|ye schulen haue in to dyuerse vsis the ynnere fatnesse of a carkeis deed by it silf, and of that beeste which is takun of a rauenus beeste.
|If ony man etith the ynnere fatnesse, that owith to be offrid in to encense of the Lord, he schal perische fro his puple.
|Also ye schulen not take in mete the blood of ony beeste, as wel of briddis as of beestis;
|ech man that etith blood schal perische fro his puplis.
|And the Lord spak to Moises,
|and seide, Speke thou to the sones of Israel, He that offrith a sacrifice of pesible thingis to the Lord, offre togidere also a sacrifice, that is, fletynge offryngis therof.
|He schal holde in the hondis the ynnere fatnesse of the sacrifice, and the brest; and whanne he hath halewid bothe offrid to the Lord, he schal yyue to the preest,
|which schal brenne the ynnere fatnesse on the auter; sotheli the brest schal be Aarons and hise sones;
|and the riyt schuldur of the sacrifices of pesible thingis schal turne in to the firste fruytis of the preest.
|He that of Aarons sones offrith the blood, and the ynnere fatnesse, schal haue also the riyt schuldur in his porcioun.
|For Y haue take fro the sones of Israel the brest of reisyng, and the schuldur of departyng, of the pesible sacrifices `of hem, and Y haue youe to Aaron the preest and to hise sones, bi euerlastynge lawe, of al the puple of Israel.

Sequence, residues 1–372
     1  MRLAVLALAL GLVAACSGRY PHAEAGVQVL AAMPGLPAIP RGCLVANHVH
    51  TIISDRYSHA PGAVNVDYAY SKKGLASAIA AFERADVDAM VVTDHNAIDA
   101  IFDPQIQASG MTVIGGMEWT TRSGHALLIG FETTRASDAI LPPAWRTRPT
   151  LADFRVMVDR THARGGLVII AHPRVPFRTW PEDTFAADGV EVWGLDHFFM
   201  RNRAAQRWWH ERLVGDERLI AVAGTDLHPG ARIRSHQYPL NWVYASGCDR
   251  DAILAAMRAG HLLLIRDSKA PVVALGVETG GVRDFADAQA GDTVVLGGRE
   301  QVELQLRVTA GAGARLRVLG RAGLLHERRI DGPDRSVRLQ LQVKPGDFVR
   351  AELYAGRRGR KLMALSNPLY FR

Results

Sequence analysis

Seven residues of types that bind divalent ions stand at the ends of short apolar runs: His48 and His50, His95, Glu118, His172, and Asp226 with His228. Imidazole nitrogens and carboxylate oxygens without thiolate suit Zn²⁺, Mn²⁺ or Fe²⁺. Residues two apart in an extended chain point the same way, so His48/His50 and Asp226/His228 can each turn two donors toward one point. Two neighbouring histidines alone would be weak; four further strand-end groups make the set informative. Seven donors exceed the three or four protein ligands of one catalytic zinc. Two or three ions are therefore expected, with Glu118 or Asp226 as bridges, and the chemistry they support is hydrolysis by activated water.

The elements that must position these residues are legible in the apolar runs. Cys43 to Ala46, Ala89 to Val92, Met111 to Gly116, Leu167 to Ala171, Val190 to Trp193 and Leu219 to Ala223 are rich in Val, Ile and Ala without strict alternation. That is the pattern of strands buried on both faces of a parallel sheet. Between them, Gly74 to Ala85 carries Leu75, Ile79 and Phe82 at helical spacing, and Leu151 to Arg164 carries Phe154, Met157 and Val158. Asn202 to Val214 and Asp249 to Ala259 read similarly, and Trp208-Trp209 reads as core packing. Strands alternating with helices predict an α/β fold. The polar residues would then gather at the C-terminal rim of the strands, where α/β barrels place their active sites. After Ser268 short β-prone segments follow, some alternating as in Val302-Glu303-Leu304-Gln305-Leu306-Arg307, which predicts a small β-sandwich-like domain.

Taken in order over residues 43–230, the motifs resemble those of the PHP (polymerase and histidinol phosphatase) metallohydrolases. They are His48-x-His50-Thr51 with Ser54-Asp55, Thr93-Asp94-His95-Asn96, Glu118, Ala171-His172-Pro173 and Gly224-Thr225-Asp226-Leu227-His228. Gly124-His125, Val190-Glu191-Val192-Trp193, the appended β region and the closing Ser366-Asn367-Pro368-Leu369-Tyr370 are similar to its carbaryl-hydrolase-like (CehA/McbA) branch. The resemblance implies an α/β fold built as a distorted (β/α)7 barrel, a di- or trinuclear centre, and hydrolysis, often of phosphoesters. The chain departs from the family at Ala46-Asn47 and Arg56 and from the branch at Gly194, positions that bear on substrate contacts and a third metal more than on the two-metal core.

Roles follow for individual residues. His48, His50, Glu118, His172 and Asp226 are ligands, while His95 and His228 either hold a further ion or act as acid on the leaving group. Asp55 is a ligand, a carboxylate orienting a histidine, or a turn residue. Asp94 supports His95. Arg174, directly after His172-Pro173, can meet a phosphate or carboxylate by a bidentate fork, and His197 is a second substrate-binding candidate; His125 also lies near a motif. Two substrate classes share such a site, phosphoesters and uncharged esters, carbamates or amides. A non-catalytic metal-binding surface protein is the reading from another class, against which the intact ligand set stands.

|This is the anoyntyng of Aaron, and of hise sones, in the cerymonyes of the Lord, in the dai where ynne Moises offride hem that thei schulden be set in preesthod,
|and whiche thingis the Lord comaundide to be youun to hem of the sones of Israel, bi euerlastynge religioun in her generaciouns.
|This is the lawe of brent sacrifice, and of sacrifice for synne, and for trespas, and for halewyng, and for the sacrifices of pesible thingis;
|which lawe the Lord ordeynede to Moises in the hil of Synay, whanne he comaundide to the sones of Israel that thei schulden offre her offryngis to the Lord, in the deseert of Synay.
John Wycliffe Bible 1382
The Wycliffe Bible is the only Bible here that was not translated from the Textus Receptus. Its inclusion here is for the Bible's historic value and for comparison in the English language.
John Wycliffe, an Oxford professor produced the first hand-written English language Bible manuscripts in the 1380's. While it is doubtful Wycliffe himself translated the versions that bear his name, he certainly can be considered the driving force behind the project. He strongly believed in having the scriptures available to the people.
Wycliffe, was well-known throughout Europe for his opposition to the teaching of the organized Church, which he believed to be contrary to the Bible. With the help of his followers (called Lollards), Wycliffe produced dozens of English language manuscript copies of the scriptures. They were translated out of the Latin Vulgate, which was the only source text available to Wycliffe. The Pope was so infuriated by his teachings and his translation of the Bible into English, that 44 years after Wycliffe died, he ordered the bones to be dug-up, crushed, and scattered in the river.